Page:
As a child, visiting amusement parks, zoos and aquariums was always such a thrill. Field trips were a great way to get out of classes, even though we learned next-to-nothing when we went because we were so excited to be with our friends on an exhilarating adventure. Sea World, however, is the most disgraceful park to ever have been brought upon our society.
Seeing aquatic animals, particularly Orcas, in a captive environment such as this is horrific. In 2013, the documentary “Blackfish” was filmed to reveal how Orcas, or “killer whales,” spend their lives within the walls of Sea World. The storyline highlights their daily routines, performances and interactions with their human trainers — all of which eventually boils down to the fact that the conditions, care and responses to Orca attacks on trainers that are carried out by Sea World are exponentially harmful and unacceptable.
The famous Tilikum (age 29 at the time) attacked a Sea World trainer, 40-year old Dawn Brancheau, on February 24, 2010. Tilikum took hold of her hair and immediately dragged her down into the water. Her body was severely injured, but the overall cause of death was the trauma she received while being thrashed around in the pool. This is not the first trainer Tilikum has killed, nor is he the first one to have done so.
These animals — who on the surface seem graceful and harmless — are dangerous, and whether they were raised in captivity or not doesn’t make them any less of a threat. They have natural instincts that they act upon, triggered by the unnatural habitat they are forced to live in, and there is nothing the trainers can do to prevent their spontaneous outbursts.
There are many reasons as to why Orcas behave this way, as the life they reluctantly lead toys with their emotions and physical features, prompting them to act out. The overall purpose of “Blackfish” was to reach out to their viewers with a harsh and painful truth about Sea World, and to expose the lies used to cover up how their Orcas truly behave and live in captivity.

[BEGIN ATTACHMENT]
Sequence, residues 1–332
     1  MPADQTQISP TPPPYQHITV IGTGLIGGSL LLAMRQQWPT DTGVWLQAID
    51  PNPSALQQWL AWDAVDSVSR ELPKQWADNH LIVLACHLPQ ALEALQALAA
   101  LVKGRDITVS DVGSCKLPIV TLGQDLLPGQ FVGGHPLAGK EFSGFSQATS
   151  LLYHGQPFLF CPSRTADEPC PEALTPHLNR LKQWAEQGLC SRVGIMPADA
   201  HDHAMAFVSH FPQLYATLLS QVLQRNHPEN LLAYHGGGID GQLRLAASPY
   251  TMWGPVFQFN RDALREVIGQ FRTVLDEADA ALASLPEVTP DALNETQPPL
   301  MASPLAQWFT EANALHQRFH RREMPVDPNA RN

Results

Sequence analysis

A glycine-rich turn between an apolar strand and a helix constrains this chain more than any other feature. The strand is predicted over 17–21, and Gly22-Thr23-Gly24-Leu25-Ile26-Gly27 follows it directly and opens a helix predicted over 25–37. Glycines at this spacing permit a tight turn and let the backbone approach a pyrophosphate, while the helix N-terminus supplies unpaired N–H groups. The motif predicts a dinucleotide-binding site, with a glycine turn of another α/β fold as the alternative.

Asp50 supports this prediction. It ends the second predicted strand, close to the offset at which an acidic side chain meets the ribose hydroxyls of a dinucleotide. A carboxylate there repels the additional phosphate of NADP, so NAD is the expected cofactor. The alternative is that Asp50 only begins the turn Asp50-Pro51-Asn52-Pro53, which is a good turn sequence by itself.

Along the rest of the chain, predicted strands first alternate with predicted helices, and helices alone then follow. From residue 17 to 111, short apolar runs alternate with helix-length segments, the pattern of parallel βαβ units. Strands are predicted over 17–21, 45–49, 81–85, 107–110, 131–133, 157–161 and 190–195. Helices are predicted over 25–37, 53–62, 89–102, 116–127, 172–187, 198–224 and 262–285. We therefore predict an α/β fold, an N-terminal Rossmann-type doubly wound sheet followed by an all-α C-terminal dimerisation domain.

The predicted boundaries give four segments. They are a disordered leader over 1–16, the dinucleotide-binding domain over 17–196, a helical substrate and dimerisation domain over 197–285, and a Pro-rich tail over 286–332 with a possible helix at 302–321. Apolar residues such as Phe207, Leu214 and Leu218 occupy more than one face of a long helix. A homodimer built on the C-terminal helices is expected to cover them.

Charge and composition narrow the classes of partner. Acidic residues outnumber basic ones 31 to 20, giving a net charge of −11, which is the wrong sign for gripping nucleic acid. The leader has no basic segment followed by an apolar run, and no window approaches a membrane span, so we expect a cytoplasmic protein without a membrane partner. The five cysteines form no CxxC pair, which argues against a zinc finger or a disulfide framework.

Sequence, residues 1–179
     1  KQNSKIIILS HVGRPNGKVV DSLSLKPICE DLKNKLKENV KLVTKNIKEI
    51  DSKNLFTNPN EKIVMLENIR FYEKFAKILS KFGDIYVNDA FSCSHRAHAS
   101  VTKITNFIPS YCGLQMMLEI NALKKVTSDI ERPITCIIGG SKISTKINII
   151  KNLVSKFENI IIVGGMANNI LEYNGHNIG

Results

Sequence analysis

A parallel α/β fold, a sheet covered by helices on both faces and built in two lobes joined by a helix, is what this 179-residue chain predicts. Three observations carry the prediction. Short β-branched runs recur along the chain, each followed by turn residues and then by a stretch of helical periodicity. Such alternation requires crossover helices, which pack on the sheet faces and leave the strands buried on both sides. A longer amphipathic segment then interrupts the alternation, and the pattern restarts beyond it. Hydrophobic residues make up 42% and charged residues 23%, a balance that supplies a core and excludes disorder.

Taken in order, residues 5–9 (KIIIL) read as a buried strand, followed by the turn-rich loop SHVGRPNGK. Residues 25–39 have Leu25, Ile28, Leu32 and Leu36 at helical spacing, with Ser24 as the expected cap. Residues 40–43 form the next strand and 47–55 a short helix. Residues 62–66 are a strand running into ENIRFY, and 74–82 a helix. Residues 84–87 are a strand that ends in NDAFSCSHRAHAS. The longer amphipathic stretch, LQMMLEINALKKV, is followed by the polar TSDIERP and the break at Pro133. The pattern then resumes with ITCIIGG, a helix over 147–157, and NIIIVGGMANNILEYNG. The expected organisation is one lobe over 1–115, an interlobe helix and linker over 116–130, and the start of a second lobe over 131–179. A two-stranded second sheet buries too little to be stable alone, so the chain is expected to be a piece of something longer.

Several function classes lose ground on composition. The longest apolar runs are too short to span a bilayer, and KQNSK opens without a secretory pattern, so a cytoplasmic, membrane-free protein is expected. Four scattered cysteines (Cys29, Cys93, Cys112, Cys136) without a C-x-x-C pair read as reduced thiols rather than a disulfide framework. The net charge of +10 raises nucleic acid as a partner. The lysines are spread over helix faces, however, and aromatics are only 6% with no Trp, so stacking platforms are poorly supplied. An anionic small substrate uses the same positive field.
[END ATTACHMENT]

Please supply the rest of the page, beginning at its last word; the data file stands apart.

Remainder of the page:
Orcas have a dorsal fin atop their body. A male’s fin typically grows to approximately six feet, and a female’s stops growing at around three to four feet. These dorsal fins are used for balance above and under water. When held in captivity, orcas do not have enough space to live freely, as their tanks are currently 9.5m (L) x 5.7m (W) x 2.1m (H). This leaves little room to swim around in a leisurely, natural manner. Therefore, their fins are no longer needed and begin to collapse.
An article from the National Marine Fisheries Services lists possible explanations for this, including “alterations in water balance caused by the stresses of captivity dietary changes, lowered blood pressure due to reduced activity patterns, or overheating of the collagen brought on by greater exposure of the fin to the ambient air.”
According to Sea World’s website, another reason for the fin to bend may be the greater amount of time that captive whales spend at the surface, where the fin is not supported by water pressure.